Uncle Jeff (my husband's brother) lives with his wife and two children in Germany. He is the kindest Uncle anyone could ever wish for and since he has fond memories of his own boyhood days, he always knows just what toys will be appreciated here at Christmas. A box from him is sure to bring smiles all around. This year he sent the boys a beautiful set of wooden blocks designed to be a marble run, complete with a little dinging bell that hangs from a red-and-white striped string and rings when the marbles pass-- down the inclines, through the shoots and around the bends. This marked the first entry of marbles into our house... and I had a feeling it might end badly. There are just too many possibilities for disaster...
But, you see, at the ripe old age of thirty-three, I have already begun to suffer somewhat from a syndrome commonly found in older mothers-- a syndrome marked by unexplainable acceptance of things previously deemed unacceptable. I don't mean really bad things. I mean things like sugary cereal, plastic toys, singing purple dinosaurs, and--in this house anyway-- marbles. I wouldn't want to give you the impression that I have thrown in the towel, given up all but the most strictly necessary standards, or that I am letting my household run amok. Neither am I regretting any standards I may have set for myself and my family in the past. If one does not have standards, what does one relax? And if one does not have rules, how does one make exception? Rather, imagine a kind of softening-- a sort of mellowing-- or aging, like a fine wine. OK, maybe more like a stick of butter left out on the counter.
In any case, I am surprised to find that this softening is not due so much to being tired and worn thin as it is the result of a certain growing realization that these children will not be little forever, and if they don't have marbles now...when will they? And if they don't eat the occasional Pop Tart or Hostess cupcake now-- when they don't have to fret about their health or weight quite to the degree we do -- when will they? And if that less-than-sightly toy gives them many hours of constructive play... why throw it away after they have gone to bed?
But it wasn't long after these gracious thoughts that I found myself fishing a marble out of a toilet bowl and it was shortly after that, that I found one in the garbage disposal. It wasn't until my washing machine started rattling when it was in the spin cycle, however, that I declared war on those colorful little balls of glass.
"It sounds like something is rolling around in there," said the appliance repair man.
"Like a marble." I replied with audible certainty.
"I don't know M'am, we'll see."
"You were right," he said later (surprised) handing me the marble.
"Uh-hu." I said (not-surprised) writing him a check for $75.00
I put that marble away in a safe place and hunted for the others. I found all but two and squirreled these away from the children, keeping watch-- always-- for those missing two.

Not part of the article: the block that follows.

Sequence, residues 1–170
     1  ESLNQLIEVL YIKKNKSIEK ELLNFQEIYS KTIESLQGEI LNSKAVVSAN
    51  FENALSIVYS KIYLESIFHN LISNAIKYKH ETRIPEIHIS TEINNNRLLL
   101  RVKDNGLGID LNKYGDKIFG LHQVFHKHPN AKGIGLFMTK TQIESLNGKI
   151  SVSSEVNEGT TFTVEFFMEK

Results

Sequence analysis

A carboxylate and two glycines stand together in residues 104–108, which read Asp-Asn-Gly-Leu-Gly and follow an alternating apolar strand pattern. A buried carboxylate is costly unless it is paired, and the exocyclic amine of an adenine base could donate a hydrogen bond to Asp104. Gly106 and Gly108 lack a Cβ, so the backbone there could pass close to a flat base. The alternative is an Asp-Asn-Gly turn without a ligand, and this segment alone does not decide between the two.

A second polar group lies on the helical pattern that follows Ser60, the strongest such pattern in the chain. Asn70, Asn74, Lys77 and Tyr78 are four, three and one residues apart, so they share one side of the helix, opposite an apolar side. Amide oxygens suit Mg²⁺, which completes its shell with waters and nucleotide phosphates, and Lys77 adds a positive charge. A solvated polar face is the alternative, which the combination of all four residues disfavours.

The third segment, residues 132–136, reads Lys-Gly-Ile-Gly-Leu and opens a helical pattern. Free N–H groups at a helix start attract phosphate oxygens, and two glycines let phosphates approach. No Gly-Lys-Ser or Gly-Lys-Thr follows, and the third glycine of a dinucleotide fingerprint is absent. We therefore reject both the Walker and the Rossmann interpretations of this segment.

Now enter (stage left) the irresistible Nicholas Justin. He is twenty-two months and brimming with personality, just now showing itself in all its complexity and endearing all those who know him. Though he speaks quite well, there are three phrases that he uses most often...
'Pen de doora: "Open the the door." Derived-- obviously and brilliantly-- from the way an open door opens possibilities. If he wants a jar open he says, 'Pen de dorra. If he wants the television on he asks, 'Pen de doora?
Ook-a-me: "Look at me." Often uttered when he puts something on his head, usually underwear.
I-ya-you: "I love you." This one kills me. Absolutely kills me. It turns me to jelly and when he says it in that sweet sing-y voice of his, I will 'pen nearly any doora he asks for.
And thus it happened. Nicholas came running to to me shouting 'Pen de doora, 'Pen de doora. I did not understand. OOk-a me, he said and I followed him. He led me upstairs and into the big boys' room still shouting in distress. 'Pen de doora. He crawled up onto Simeon's bed and showed me.
There, in the bed post where there is a hole for the wooden peg that would hold the bunks together,were they bunked, were the two missing marbles. They had been dropped inside and were beyond reach.
'Pen de dorra, 'Pen de doora. Nicholas begged.
First, I tried reaching them with a pen. The pen was too wide. I found an exacto-knife and tried to pry them out, but the angle was wrong. Next, I tried a butter knife, but that didn't work either...
Pen de doora, Pen de doora Nicholas cried, and I thought a moment. Then, Nicholas reached in with his finger and the top marble stuck to his finger for moment... before it fell back onto the other. That's it, I realized, we need something sticky to get them out. I found some putty and stuck it to the end of a pencil. I lowered it into the bed post and stuck it to the topmost marble. It stuck. I lifted it out. It worked! I retrieved the second marble in the same way and Nicholas watched me all the while with glee.
When I finally removed the second marble he was clapping and shouting with joy. He took them both and headed out the door.
"Wait," I called, wondering if I shouldn't take them from him on the spot. "What do you say?"
"I-ya-you," he said in that sweet sing-songy voice and that was enough. I was satisfied. He was gone.
...Well, it was partly my fault that that marble got stuck in the washing machine pump anyway, I thought to myself. I should have checked pockets more carefully...
I know...I know...I have to get them back.